First Image Data from "DAICHI-2" (ALOS-2)

JAXA acquired images from the PALSAR-2 aboard the "DAICHI-2" (ALOS-2).
The DAICHI-2 was launched on May 24, 2014, and it is currently underinitial functional verification. The images were captured during the verification stage.

The DAICHI-2's observation data is expected to contribute to understanding damages from a disaster, monitoring deforestation, and more efficiently understanding farming areas.
We plan to start offering images to the general public in late November.

First Image Data from "DAICHI-2" (ALOS-2)

Jun. 4, 2014 Updated
IKAROS wakes up from hibernation mode for third time

The IKAROS seemed to wake up from its hibernation mode in mid April, and JAXA searched for it based on its attitude and orbit prediction to receive its radio waves. On May 22 (Thu.), we successfully found the IKAROS, which is flying at a distance of about 230 million kilometers from the Earth. We will continue to receive data from the IKAROS until mid June to confirm its condition and analyze the information.
The IKAROS, launched in May 2010, completed its mission, and is now revolving around the sun about every 10 months. Power generation is insufficient for seven months out of 10 so the IKAROS goes into hibernation mode for this period by shutting down instruments. For the remaining three months, the IKAROS is awake with enough power so that we can receivedata from it.

IKAROS wakes up from hibernation mode for third time

May 2014

May 27, 2014 Updated
DAICHI-2 critical operation phase successfully completed! Initial function verification starts!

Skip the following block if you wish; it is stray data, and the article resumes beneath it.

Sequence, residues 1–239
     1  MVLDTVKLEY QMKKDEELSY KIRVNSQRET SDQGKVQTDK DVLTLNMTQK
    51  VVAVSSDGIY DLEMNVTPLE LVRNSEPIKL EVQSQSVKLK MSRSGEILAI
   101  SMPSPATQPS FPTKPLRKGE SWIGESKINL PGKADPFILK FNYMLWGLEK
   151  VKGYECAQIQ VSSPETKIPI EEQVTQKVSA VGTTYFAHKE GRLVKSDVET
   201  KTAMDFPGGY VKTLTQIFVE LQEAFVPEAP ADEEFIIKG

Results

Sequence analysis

The DAICHI-2 launched from the Tanegashima Space Center on May 24 performed important tasks including L-band synthetic aperture radar deployment after its injection into the orbit, thus its critical operation phase was successfully completed.
The DAICHI-2 will take about two and a half months to verify the function of its onboard equipment and instruments in space. We expect to be able to publish images taken by the DAICHI-2 for the first time in a few weeks to a month, if everything goes as scheduled.

DAICHI-2 critical operation phase successfully completed! Initial function verification starts!

May 24, 2014 Updated
Successful launch of H-IIA F 24 with DAICHI-2 (ALOS-2)!

The launch of the H-IIA Launch Vehicle No. 24 with The Advanced Land Observing Satellite-2 "DAICHI-2" (ALOS-2) aboard was successfully performed at 12:05:14 p.m. on May 24 (Sat.) 2014 (Japan Standard Time).
The launch vehicle flew normally and separated the DAICHI-2 at about 15 minutes and 47 seconds after liftoff. The DAICHI-2 will conduct critical phase operations including deploying the PALSER-2 antenna. We await your support messages!